The North Raccoon River Watershed Project includes activities in the upper watershed to reduce flooding and improve water quality, as well as infrastructure projects in the city of Storm Lake to mitigate flooding.
The North Raccoon River Watershed Project includes activities in the upper watershed to reduce flooding and improve water quality, as well as infrastructure projects in the city of Storm Lake to protect commercial and residential property from flooding.
The North Raccoon River in Central Iowa is a tributary of the Des Moines River, flowing mainly through the Des Moines Lobe landform, which retains imprints of glacial occupation, such as abundant moraines and shallow wetland basins. Flat land and poor surface drainage dominate this “prairie pothole” landscape. The North Raccoon River Watershed (NRRW) is heavily tiled; approximately 85% of the land is in row crop production with a corn-soybean rotation. The NRRW landscape is considered the most important and threatened waterfowl habitat in North America, supporting more than 300 migratory bird species.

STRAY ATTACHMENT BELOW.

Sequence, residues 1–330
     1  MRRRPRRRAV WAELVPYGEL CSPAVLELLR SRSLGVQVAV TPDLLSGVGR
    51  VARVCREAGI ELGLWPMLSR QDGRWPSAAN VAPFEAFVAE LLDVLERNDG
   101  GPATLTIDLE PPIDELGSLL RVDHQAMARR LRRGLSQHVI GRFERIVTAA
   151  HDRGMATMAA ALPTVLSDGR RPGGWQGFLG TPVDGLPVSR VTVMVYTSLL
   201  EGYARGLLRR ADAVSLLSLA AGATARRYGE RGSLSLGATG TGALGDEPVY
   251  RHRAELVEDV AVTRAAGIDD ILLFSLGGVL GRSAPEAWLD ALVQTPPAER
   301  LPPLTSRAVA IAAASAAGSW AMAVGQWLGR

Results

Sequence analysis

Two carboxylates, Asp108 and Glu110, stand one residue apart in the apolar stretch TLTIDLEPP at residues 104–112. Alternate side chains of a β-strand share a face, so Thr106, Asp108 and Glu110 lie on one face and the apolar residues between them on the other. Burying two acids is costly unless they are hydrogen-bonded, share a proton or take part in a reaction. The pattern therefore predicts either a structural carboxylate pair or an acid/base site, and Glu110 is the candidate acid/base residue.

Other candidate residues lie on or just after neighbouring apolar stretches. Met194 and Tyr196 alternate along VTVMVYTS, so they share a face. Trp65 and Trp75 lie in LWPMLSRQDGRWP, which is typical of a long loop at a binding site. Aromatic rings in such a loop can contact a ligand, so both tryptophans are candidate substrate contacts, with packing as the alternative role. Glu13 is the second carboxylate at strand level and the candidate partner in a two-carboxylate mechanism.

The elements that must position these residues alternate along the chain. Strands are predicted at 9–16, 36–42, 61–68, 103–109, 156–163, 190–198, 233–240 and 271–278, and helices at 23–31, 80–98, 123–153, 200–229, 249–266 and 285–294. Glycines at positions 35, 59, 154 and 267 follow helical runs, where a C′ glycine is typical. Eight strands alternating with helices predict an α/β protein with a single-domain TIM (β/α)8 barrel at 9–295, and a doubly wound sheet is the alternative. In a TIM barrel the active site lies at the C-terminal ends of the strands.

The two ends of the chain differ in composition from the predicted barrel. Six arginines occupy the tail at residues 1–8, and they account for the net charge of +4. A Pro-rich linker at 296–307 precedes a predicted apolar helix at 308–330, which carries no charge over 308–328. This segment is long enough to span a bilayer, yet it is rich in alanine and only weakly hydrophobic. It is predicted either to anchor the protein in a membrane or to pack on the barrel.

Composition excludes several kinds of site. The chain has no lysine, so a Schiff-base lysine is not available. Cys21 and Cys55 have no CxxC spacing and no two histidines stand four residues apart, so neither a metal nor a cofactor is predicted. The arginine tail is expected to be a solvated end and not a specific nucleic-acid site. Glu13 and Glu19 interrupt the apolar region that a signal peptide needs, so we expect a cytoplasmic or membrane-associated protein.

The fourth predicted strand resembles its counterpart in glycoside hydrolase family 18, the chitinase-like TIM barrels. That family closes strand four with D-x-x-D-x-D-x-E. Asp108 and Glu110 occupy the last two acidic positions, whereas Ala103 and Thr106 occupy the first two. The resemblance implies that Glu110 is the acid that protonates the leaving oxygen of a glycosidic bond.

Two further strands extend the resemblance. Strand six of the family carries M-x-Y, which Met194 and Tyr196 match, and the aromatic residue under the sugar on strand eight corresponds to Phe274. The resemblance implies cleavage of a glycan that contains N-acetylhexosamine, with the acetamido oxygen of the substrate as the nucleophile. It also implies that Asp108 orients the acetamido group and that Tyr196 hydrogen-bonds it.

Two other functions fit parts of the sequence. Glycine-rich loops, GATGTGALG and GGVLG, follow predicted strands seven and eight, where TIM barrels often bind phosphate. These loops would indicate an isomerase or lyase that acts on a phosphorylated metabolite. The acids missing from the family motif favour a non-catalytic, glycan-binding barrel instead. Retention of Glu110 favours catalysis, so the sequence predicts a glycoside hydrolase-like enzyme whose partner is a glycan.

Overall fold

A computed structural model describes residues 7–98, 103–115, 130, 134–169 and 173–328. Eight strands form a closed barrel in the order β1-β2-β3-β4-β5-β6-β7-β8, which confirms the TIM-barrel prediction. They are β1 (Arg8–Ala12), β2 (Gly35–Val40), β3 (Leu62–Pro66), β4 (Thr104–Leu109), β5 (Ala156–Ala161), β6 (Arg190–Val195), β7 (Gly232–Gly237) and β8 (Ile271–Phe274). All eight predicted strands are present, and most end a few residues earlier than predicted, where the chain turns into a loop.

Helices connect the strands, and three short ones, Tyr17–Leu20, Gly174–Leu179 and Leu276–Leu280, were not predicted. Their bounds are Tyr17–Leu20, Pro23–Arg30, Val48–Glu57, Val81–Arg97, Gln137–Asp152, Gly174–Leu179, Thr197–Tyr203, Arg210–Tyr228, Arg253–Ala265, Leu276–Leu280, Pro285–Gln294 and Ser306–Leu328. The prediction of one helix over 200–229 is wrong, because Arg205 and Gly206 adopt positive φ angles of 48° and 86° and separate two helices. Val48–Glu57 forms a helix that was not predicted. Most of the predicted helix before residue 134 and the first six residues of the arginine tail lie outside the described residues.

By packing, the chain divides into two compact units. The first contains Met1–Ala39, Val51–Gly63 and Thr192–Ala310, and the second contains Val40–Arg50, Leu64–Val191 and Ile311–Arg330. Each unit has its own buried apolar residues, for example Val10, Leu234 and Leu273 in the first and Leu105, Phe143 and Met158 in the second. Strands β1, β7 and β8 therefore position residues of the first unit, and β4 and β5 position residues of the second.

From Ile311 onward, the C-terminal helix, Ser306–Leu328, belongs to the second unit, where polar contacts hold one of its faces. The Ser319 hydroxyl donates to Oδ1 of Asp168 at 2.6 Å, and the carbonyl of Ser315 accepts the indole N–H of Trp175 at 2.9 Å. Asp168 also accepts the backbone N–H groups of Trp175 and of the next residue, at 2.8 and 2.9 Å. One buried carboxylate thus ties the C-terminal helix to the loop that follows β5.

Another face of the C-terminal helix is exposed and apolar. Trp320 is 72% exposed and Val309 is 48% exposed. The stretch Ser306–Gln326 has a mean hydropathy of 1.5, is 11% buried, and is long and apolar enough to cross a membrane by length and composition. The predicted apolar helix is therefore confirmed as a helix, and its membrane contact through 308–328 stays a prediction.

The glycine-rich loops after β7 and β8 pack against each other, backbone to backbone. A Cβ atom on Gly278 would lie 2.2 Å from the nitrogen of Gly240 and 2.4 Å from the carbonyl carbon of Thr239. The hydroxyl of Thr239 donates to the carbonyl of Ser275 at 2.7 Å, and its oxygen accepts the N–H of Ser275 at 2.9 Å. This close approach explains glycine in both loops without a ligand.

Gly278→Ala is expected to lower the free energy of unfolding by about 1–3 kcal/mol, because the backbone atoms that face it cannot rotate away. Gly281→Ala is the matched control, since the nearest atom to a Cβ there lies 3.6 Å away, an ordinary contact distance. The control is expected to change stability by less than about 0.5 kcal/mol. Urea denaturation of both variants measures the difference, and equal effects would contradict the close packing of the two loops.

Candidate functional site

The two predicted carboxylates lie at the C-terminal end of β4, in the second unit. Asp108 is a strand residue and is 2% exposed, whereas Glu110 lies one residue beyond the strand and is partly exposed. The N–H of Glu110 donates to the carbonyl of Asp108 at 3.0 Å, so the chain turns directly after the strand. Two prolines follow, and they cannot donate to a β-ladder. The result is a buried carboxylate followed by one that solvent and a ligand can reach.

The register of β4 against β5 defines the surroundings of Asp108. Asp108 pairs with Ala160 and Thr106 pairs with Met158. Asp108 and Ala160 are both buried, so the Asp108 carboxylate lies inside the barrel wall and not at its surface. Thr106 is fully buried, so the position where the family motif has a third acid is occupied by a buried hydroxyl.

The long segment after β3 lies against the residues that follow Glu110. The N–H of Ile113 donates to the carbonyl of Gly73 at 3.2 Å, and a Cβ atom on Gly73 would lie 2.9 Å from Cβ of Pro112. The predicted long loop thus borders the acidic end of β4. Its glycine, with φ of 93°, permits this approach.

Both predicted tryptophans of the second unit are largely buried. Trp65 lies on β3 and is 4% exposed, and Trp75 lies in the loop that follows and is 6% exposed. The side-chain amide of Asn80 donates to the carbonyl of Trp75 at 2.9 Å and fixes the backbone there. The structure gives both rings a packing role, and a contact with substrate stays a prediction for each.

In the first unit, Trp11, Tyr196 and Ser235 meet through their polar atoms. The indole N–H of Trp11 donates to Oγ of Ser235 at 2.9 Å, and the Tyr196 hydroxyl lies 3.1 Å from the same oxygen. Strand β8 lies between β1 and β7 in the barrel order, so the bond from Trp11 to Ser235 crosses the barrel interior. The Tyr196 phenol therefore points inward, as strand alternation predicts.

In addition to watershed activities that will take place in the NRRW, the city of Storm Lake is also receiving funds to help make the community more flood resilient. Projects in Storm Lake will include upgrades to the wastewater treatment plant, reconstruction of streets with pervious pavement, and the construction of wetlands.
In 2013, the Iowa Nutrient Reduction Strategy named the NRRW a priority watershed. Many organizations are currently active in the watershed and existing projects will complement the activities of the Iowa Watershed Approach.
A Middle Cedar Watershed Management Authority (WMA) was formed in 2016 to bring partners together to address watershed concerns.